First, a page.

The Sunday Times has revealed that the terms of its costly 2004 legal settlement with Lance Armstrong are likely to be reviewed in the wake of news the cyclist will not contest doping charges against him.
On Friday Armtrong was stripped of his seven Tour de France victories and given a lifetime ban after he decided not to fight the US Anti-Doping Agency case against him.
The Sunday Times was one of the few papers to risk Armstrong's legal might and raise questions about his remarkable string of Tour de France victories from an early stage.
In 1999 when Armstrong won his first Tour de France after recovering from cancer three years earlier, Sunday Times journalist David Walsh wrote: "For too long, sportswriting has been unrestrained cheerleading, suspending legitimate doubts and settling for stories of sporting heroism."
After a two-year investigation, Walsh revealed in the Sunday Times in 2001 that Armstrong was working with the controversial Italian doctor Michele Ferrari. Walsh also reported allegations from Armstrong's masseuse Emma O'Reilly stating that he had doped.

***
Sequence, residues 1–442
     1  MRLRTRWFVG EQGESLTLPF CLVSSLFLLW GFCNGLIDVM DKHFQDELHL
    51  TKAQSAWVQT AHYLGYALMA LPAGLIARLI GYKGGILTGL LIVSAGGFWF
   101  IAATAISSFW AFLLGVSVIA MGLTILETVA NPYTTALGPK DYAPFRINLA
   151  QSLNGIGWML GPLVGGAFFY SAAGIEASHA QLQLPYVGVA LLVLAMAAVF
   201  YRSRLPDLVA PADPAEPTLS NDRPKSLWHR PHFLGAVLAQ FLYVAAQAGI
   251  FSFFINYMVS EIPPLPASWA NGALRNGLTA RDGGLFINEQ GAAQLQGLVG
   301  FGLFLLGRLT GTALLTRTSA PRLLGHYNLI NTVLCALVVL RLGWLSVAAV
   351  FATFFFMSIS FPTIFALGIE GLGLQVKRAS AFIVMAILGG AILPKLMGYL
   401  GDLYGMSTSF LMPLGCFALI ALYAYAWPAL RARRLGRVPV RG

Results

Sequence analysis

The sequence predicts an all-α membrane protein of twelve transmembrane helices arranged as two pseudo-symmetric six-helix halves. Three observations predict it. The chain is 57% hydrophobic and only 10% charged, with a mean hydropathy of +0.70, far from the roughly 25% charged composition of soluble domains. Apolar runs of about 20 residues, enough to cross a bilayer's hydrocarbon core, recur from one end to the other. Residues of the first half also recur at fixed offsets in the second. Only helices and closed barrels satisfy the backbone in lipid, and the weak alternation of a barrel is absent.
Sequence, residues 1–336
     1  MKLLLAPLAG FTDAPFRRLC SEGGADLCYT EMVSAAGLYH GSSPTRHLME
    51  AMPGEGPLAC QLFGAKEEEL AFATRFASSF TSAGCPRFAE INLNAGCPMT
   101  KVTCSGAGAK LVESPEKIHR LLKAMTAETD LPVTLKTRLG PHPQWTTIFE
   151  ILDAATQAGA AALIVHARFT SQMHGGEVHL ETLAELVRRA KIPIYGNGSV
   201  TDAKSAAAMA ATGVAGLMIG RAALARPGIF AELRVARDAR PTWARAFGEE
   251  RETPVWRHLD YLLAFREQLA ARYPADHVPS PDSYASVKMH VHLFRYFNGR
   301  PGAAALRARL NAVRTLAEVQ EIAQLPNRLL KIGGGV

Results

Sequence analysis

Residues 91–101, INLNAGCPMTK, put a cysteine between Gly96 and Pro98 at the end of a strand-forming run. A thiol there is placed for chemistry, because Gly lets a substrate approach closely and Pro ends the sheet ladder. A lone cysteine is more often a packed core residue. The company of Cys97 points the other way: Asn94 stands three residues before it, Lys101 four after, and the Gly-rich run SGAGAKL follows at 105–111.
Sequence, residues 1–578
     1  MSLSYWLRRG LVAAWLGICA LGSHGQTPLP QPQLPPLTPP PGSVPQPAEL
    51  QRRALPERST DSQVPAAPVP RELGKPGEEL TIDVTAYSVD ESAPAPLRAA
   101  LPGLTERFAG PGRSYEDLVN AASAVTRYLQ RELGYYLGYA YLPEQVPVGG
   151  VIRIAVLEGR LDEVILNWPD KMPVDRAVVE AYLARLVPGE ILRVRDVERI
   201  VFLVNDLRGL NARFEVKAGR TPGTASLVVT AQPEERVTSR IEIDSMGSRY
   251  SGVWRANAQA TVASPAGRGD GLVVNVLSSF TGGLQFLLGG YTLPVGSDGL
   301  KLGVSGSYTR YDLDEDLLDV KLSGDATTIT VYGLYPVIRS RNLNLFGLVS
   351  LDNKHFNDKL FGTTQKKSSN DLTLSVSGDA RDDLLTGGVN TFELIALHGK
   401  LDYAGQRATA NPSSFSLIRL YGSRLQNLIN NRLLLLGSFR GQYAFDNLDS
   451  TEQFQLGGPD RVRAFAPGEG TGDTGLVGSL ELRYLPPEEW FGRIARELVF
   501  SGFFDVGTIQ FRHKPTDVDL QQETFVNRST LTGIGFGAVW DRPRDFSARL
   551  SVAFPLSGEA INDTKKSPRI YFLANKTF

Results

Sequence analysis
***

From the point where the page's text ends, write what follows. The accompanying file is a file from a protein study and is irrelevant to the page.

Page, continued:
Under the headline Champ of Cheat? The Sunday Times asked in 2001 why a clean rider would work with a dirty doctor.
Armstrong sued the Sunday Times over an article headlined LA Confidential which it published in June 2004 which carried allegations from a book by Walsh which was published in France.
The legal action prompted extensive pre-trial legal wrangling between Armstrong's lawyers Schillings and the Sunday Times - including a row over whether an initial hearing to decide the meaning of the article should be heard by a judge or a jury which went all the way to the Court of Appeal.
In July 2006, the High Court ruled that the meaning of the article was that Armstrong was a "fraud, a cheat and a liar".
Following that ruling, The Sunday Times opted to settle the case, saying: "it never intended to accuse him of being guilty of taking any performance enhancing drugs" and that it "sincerely apologised for any such impression".
The Sunday Times reported this week: "Armstrong sued this paper in 2004. After a protracted and costly legal battle, The Sunday Times and Armstrong reached an out-of-court settlement. Its terms are likely to be reviewed in the light of the US anti-doping agency's decision."